Traffic: Why It s Getting Worse

May 08, 2020

Rising traffic congestion is an inescapable condition in large and growing metropolitan areas across the world, from Los Angeles to Tokyo, from Cairo to Sao Paolo. Peak-hour traffic congestion is an inherent result of the way modern societies operate. It stems from the widespread desires of people to pursue certain goals that inevitably overload existing roads and transit systems every day. But everyone hates traffic congestion, and it keeps getting worse, in spite of attempted remedies.

Commuters are often frustrated by policymakers’ inability to do anything about the problem, which poses a significant public policy challenge. Although governments may never be able to eliminate road congestion, there are several ways cities and states can move to curb it.

The Real Problem

Traffic congestion is not primarily a problem, but rather the solution to our basic mobility problem, which is that too many people want to move at the same times each day. Why? Because efficient operation of both the economy and school systems requires that people work, go to school, and even run errands during about the same hours so they can interact with each other. That basic requirement cannot be altered without crippling our economy and society. The same problem exists in every major metropolitan area in the world.

In the United States, the vast majority of people seeking to move during rush hours use private automotive vehicles, for two reasons. One is that most Americans reside in low-density areas that public transit cannot efficiently serve. The second is that privately owned vehicles are more comfortable, faster, more private, more convenient in trip timing, and more flexible for doing multiple tasks on one trip than almost any form of public transit. As household incomes rise around the world, more and more people shift from slower, less expensive modes of movement to privately owned cars and trucks.

Possible Improvements

While it’s practically impossible to eliminate congestion, there are several ways to slow its future rate of increase:

Create High Occupancy Toll (HOT) lanes. Peak-hour road pricing would not be politically feasible if policymakers put tolls on all major commuter lanes, but HOT lanes can increase traveler choices by adding new toll lanes to existing expressways, or converting underused high-occupancy vehicle (HOV) lanes to HOT lanes, and leaving present conventional lanes without tolls. True, HOT lanes do not eliminate congestion. But they allow anyone who needs to move fast on any given day to do so, without forcing all low-income drivers off those same roads during peak periods. In some regions, whole networks of HOT lanes could both add to overall capacity and make high-speed choices always available to thousands of people in a hurry.

Respond more rapidly to traffic-blocking accidents and incidents. Removing accidents and incidents from major roads faster by using roving service vehicles run by government-run Traffic Management Centers equipped with television and electronic surveillance of road conditions is an excellent tactic for reducing congestion delays.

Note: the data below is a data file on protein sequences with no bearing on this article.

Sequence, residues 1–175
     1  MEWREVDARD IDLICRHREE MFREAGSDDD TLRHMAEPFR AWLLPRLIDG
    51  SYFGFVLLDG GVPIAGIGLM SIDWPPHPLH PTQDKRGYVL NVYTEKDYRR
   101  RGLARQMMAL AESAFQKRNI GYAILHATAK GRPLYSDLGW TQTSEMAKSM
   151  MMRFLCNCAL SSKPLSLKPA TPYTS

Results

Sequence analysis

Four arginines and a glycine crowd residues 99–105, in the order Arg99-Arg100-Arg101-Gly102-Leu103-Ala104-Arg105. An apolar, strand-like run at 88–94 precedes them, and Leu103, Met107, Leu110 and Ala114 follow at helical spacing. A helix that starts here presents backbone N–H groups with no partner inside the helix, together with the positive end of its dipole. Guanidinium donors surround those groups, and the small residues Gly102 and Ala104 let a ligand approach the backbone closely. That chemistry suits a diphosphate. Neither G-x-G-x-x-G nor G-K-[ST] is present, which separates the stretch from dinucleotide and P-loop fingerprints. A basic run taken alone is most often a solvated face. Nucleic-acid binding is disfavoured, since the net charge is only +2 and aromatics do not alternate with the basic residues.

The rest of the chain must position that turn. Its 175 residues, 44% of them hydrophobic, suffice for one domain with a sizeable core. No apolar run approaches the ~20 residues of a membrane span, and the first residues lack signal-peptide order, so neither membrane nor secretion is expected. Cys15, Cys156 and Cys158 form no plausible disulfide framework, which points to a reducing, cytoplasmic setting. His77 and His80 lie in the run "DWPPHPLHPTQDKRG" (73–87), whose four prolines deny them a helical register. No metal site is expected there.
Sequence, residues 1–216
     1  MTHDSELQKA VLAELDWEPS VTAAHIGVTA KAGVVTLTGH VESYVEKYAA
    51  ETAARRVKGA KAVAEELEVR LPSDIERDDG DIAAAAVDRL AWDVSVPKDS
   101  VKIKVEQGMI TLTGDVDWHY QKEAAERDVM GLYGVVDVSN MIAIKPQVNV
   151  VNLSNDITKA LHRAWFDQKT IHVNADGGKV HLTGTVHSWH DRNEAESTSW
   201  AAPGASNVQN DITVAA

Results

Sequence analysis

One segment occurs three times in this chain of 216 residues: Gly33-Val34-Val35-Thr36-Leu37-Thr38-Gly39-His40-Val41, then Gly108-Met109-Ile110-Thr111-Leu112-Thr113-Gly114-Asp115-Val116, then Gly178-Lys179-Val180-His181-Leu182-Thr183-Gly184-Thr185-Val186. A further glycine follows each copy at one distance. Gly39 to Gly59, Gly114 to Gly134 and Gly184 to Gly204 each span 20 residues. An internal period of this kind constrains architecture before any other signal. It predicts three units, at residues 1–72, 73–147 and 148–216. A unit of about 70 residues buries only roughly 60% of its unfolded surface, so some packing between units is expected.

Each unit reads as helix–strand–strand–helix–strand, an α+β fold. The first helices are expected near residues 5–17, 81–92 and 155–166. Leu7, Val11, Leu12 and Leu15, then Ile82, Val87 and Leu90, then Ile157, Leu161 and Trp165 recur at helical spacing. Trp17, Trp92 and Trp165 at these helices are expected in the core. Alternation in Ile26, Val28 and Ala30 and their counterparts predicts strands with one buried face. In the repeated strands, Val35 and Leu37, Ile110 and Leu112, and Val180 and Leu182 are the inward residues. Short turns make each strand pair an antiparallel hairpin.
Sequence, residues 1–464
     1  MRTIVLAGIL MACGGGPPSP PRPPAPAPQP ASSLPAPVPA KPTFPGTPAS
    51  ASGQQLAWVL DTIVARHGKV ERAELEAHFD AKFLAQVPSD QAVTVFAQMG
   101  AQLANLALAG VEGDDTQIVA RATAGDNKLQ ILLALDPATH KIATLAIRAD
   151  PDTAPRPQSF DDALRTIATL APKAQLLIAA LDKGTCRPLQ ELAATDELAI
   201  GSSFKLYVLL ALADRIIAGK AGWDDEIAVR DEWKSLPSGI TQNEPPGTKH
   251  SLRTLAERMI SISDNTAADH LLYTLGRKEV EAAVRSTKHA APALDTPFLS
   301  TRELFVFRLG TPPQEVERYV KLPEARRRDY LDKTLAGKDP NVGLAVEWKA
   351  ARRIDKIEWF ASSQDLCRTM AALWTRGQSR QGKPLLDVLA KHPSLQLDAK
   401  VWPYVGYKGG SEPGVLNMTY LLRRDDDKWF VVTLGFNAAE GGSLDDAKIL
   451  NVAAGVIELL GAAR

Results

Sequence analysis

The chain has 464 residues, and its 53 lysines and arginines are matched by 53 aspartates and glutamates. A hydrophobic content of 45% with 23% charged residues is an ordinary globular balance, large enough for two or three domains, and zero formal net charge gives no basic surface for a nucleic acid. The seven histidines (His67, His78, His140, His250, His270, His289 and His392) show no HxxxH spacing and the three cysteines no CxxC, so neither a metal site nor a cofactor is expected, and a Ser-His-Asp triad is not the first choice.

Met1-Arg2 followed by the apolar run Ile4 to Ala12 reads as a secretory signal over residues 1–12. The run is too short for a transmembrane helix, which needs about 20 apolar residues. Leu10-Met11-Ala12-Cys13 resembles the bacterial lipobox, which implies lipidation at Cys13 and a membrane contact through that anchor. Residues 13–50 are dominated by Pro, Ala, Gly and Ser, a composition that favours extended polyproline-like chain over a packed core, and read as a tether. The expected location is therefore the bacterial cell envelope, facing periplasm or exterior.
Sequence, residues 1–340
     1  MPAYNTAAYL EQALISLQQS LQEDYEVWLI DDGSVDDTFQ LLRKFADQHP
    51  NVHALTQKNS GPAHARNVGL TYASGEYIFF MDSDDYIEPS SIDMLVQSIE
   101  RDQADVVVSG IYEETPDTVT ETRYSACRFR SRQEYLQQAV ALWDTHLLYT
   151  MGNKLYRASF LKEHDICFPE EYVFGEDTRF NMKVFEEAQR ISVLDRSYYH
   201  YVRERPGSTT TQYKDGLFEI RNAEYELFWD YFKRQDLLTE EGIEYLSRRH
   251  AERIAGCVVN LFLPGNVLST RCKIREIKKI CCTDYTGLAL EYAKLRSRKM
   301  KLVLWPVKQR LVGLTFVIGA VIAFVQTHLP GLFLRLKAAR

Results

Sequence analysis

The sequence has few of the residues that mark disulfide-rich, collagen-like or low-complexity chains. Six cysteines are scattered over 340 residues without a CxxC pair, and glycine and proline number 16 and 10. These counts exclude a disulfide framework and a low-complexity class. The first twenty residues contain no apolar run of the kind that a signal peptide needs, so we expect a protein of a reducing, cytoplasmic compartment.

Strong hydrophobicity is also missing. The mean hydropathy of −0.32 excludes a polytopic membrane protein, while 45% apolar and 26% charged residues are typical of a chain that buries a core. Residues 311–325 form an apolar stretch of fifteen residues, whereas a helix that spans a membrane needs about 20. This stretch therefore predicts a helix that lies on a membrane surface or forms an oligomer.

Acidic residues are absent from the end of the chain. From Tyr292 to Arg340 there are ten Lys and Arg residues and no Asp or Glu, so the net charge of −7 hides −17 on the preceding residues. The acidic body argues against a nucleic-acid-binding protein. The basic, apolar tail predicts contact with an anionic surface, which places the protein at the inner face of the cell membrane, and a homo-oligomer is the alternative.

Build more roads in growing areas. Opponents of building more roads claim that we cannot build our way out of congestion because more highway capacity will simply attract more travelers. Due to triple convergence, that criticism is true for established roads that are already overcrowded. But the large projected growth of the U.S. population surely means that we will need a lot more road and lane mileage in peripheral areas.

Install ramp-metering. This means letting vehicles enter expressways only gradually. It has improved freeway speed during peak hours in both Seattle and the Twin Cities, and could be much more widely used.

Use Intelligent Transportation System devices to speed traffic flows. These devices include electronic coordination of led traffic signal lights on local streets, large variable signs informing drivers of traffic conditions ahead, one-way street patterns, Global Positioning System equipment in cars and trucks, and radio broadcasts of current road conditions. These technologies exist now and can be effective on local streets and arteries and informative on expressways.


Peak-hour traffic congestion in almost all large and growing metropolitan regions around the world is here to stay. In fact, it is almost certain to get worse during at least the next few decades, mainly because of rising populations and wealth. This will be true no matter what public and private policies are adopted to combat congestion.

But this outcome should not be regarded as a mark of social failure or misguided policies. In fact, traffic congestion often results from economic prosperity and other types of success.

Although traffic congestion is inevitable, there are ways to slow the rate at which it intensifies. Several tactics could do that effectively, especially if used in concert, but nothing can eliminate peak-hour traffic congestion from large metropolitan regions here and around the world. Only serious economic recessions—which are hardly desirable—can even forestall an increase.

For the time being, the only relief for traffic-plagued commuters is a comfortable, air-conditioned vehicle with a well-equipped stereo system, a hands-free telephone, and a daily commute with someone they like.

Congestion has become part of commuters’ daily leisure time, and it promises to stay that way.

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